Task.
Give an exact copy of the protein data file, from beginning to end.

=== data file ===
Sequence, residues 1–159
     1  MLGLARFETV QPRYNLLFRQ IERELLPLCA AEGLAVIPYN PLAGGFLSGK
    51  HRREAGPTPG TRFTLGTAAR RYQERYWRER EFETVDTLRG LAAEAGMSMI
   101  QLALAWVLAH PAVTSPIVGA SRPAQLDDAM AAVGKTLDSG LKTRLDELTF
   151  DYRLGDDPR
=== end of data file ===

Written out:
Sequence, residues 1–159
     1  MLGLARFETV QPRYNLLFRQ IERELLPLCA AEGLAVIPYN PLAGGFLSGK
    51  HRREAGPTPG TRFTLGTAAR RYQERYWRER EFETVDTLRG LAAEAGMSMI
   101  QLALAWVLAH PAVTSPIVGA SRPAQLDDAM AAVGKTLDSG LKTRLDELTF
   151  DYRLGDDPR